AS is tradition in Scottish lore, our story begins on a storm-lashed night when something unexpected emerged from the dark waves.

In this case, the residents of Corpach and neighbouring Caol, near Fort William, awoke on a wintry December morning in 2011 to discover the former fishing boat MV Dayspring sitting at a jaunty angle on the shingled shoreline of Loch Linnhe.

Almost a decade later, it has never left. At first glance, the leaning, ever-so-slightly recumbent pose gives the impression that the so-called "Corpach Wreck" – also known as the "Old Boat of Caol" – remains undecided about its hasty decision to leave behind the water for a lifetime languishing on land.

Others suggest that it has merely chosen the best position to sit back and marvel at the sweeping vista across the loch towards the majestic peak of Ben Nevis.

The vessel, built in 1975, spent its heyday trawling the North Sea for mackerel and herring. Latterly, MV Dayspring had been used as a houseboat berthed at Camusnagaul Bay.

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According to reports, the owner was away visiting family when the 26-metre-long craft broke free from its mooring during the fierce storm. The coastguard helped control the landing of the stricken vessel on the beach between Corpach and Caol.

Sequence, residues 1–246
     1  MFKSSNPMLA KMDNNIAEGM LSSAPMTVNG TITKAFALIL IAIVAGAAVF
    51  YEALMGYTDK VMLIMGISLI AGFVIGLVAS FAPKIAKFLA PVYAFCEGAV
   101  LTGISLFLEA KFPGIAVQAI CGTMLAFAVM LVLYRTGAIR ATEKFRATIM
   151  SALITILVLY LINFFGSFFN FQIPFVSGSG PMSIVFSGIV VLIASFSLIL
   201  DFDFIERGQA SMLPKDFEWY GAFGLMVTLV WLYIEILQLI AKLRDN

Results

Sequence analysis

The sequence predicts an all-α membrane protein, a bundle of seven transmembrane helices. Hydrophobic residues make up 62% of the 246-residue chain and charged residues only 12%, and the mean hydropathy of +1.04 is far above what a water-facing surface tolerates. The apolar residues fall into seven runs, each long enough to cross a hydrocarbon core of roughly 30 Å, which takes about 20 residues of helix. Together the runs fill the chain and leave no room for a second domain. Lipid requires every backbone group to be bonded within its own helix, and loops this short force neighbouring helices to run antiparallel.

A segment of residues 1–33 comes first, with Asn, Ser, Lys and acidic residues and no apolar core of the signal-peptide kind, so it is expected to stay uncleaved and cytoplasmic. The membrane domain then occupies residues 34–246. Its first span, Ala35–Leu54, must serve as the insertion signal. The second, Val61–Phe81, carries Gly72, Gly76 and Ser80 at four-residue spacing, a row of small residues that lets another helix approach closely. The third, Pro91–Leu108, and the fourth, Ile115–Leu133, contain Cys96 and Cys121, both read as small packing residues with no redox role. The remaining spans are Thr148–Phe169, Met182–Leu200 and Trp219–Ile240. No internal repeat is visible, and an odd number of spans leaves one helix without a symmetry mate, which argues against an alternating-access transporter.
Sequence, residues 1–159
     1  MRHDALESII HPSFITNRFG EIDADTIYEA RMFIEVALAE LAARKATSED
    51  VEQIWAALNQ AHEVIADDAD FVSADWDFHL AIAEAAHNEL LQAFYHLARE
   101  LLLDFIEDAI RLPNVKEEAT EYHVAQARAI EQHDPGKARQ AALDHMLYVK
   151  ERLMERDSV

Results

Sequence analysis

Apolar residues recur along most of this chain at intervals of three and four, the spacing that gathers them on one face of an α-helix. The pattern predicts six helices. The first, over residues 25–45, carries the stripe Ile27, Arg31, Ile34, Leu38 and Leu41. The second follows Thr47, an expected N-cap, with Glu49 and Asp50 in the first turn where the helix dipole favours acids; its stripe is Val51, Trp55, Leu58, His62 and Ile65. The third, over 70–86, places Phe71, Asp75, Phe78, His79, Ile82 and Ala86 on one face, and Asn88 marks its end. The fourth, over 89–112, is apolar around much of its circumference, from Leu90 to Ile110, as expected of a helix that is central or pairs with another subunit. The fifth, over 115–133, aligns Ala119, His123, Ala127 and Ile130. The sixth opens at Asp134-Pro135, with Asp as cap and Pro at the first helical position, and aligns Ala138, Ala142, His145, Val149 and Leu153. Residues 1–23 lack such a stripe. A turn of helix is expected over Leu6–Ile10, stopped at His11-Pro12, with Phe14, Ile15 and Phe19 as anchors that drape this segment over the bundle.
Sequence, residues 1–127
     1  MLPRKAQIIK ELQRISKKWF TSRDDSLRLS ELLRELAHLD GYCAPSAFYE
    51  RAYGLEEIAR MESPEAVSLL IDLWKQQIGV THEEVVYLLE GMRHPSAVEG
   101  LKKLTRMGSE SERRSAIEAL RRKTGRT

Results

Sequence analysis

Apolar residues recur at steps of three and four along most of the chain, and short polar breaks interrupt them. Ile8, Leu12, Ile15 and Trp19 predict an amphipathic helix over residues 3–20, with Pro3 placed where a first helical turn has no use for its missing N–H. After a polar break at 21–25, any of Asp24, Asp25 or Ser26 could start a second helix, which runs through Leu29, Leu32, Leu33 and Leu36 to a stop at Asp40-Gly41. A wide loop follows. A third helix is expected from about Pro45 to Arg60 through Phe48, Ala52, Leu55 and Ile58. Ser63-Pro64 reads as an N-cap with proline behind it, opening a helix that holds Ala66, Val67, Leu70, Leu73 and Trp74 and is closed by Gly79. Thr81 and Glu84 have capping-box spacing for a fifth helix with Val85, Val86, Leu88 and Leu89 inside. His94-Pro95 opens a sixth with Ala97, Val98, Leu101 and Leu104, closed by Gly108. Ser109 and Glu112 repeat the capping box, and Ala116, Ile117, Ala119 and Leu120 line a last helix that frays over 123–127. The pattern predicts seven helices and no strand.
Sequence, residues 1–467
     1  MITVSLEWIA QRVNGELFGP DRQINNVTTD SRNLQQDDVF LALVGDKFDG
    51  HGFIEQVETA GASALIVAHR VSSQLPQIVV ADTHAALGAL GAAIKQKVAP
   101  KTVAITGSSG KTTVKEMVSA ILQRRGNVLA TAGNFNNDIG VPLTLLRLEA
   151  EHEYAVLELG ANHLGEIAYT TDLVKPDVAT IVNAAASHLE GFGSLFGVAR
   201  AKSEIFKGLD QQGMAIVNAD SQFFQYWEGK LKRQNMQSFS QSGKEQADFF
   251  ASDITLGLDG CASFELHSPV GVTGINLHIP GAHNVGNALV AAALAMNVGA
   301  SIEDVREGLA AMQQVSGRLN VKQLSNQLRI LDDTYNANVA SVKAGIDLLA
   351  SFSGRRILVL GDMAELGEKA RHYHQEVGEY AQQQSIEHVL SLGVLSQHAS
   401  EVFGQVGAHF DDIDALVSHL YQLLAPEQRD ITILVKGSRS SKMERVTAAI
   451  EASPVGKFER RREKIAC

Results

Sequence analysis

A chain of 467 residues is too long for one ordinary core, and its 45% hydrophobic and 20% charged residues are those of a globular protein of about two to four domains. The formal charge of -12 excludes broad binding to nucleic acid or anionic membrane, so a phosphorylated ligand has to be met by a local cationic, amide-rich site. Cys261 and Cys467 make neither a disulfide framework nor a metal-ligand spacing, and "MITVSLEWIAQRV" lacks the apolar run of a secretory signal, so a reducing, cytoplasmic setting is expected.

Today, MV Dayspring is a much-beloved Lochaber landmark that draws photographers from all over the world. They can be seen most days, picking their way along the beach, lugging cameras and tripods, in pursuit of the perfect shot.

If you are travelling from Fort William to take in the sights of Glenfinnan, the Silver Sands of Morar or to catch a ferry from Mallaig to Skye and the Small Isles, it is well worth stopping off for a visit.

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Come rain, hail, sunshine or even snow, the boat and its scenic backdrop make for a photogenic combination. MV Dayspring can be found only a short walk from Corpach train station. After crossing the Caledonian Canal, follow the Great Glen Way for less than half a mile along the shore.

The area is steeped in history with the small port of Corpach sitting at an important junction where Loch Linnhe meets Loch Eil, as well as at the southern entrance of the Caledonian Canal.

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The US Navy was based here as part of the North Sea Mine Barrage operation during the First World War, with the waters around Corpach later used for training exercises by the Royal Navy Coastal Forces during the Second World War.